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I raqi forces faced car bombs and fierce resistance from Islamic State militants in southern Mosul on Friday, the second day of a renewed push to take back the city after fighting stalled for several weeks.
An officer in the federal police forces, which joined the battle on Thursday, said there were heavy clashes in the southeastern Palestine district, but they had made progress in two other neighborhoods, disabling a number of car bombs.
Another officer, from an elite Interior Ministry unit fighting alongside federal police, said his forces were gaining ground in the Intisar district despite heavy clashes there.
Iraqi forces in the east and north of the city were clearing areas they had recaptured on Thursday before advancing any further, officers said, and the army was trying to cut supply lines to the town of Tel Keyf, north of Mosul.
Since the offensive began 10 weeks ago, U.S.-backed forces have retaken a quarter of the jihadists' last major stronghold in Iraq in the biggest ground operation there since the 2003 U.S.-led invasion that toppled Saddam Hussein.
Recapturing Mosul would probably spell the end for Islamic State's self-styled caliphate, and Prime Minister Haider al-Abadi has said the group would be driven out of Iraq by April.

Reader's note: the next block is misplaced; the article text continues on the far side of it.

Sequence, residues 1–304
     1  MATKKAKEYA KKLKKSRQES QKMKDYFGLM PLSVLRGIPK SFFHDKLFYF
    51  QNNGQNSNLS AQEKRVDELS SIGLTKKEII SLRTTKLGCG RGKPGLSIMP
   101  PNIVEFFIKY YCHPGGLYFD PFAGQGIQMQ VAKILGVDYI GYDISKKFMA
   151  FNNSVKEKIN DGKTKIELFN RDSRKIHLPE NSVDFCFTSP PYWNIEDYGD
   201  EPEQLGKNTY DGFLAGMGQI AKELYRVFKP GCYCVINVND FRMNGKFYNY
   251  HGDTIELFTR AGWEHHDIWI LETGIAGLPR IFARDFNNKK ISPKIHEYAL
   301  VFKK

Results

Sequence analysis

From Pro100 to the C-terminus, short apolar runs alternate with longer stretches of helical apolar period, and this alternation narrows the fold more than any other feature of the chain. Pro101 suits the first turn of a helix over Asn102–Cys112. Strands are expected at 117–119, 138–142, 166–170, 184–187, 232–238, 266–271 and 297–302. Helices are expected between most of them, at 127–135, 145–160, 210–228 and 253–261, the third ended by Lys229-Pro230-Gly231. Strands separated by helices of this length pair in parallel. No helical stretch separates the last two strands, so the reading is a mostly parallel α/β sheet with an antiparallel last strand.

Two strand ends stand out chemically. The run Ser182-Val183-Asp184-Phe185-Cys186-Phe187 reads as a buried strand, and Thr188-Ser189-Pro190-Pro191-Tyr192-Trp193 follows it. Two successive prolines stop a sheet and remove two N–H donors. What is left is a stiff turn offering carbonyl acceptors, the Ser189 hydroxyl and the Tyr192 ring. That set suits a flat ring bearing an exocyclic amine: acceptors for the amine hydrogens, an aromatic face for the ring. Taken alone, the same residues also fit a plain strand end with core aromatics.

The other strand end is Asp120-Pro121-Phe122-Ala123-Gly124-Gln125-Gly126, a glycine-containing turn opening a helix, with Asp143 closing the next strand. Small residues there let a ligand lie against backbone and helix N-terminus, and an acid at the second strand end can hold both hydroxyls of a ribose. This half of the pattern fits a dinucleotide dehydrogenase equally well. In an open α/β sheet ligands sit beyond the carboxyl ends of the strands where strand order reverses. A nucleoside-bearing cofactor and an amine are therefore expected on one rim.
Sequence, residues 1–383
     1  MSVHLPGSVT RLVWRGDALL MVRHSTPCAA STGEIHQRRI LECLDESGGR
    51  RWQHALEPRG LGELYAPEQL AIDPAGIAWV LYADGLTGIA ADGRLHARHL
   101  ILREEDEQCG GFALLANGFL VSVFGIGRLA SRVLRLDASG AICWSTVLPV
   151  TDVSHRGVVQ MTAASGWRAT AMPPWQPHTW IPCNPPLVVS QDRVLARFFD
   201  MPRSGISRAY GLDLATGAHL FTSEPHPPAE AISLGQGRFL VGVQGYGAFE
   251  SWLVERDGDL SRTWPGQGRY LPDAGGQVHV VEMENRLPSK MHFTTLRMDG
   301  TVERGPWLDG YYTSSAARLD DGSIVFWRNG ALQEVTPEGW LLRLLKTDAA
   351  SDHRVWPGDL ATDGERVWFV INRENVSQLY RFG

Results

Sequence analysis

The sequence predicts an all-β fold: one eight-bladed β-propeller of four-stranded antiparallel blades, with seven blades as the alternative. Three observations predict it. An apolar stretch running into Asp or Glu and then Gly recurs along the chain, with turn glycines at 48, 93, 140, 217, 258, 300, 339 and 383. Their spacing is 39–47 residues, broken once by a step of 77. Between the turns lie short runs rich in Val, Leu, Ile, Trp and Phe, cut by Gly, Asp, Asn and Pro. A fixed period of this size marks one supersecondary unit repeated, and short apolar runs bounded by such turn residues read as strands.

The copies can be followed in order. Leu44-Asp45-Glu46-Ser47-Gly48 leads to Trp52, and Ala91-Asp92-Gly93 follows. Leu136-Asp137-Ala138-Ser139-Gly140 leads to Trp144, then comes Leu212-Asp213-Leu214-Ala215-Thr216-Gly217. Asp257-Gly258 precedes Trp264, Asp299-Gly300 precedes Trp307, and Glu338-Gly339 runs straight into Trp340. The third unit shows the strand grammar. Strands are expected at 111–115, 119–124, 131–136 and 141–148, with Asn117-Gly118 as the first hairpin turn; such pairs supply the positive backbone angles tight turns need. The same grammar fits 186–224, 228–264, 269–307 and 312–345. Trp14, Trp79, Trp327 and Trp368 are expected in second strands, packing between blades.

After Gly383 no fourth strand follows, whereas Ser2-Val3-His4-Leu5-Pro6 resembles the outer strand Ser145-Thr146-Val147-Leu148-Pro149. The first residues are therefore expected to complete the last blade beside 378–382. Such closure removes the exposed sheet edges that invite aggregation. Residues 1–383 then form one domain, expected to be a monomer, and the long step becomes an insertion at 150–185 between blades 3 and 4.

Elite forces pushed into Mosul from the east in October but regular army troops tasked with advancing from the north and south made slower progress and the operation stagnated.
After regrouping this month, they renewed the offensive on Thursday, advancing from the south, east and north of the city, which has been under militant control for more than two years.
The second phase of the operation will see U.S. troops deployed closer to the front line inside the city.
On Friday, a Reuters reporter saw a handful of Americans in their MRAP vehicles, that tower over Iraqi tanks, accompanying top commanders to meetings in a village just north of Mosul.
Although the militants are vastly outnumbered, they have embedded themselves among Mosul residents, hindering Iraqi forces who are trying to avoid civilian casualties. Despite food and water shortages, most civilians have stayed in their homes rather than fleeing as had been expected.
2016.12.30 / 18:59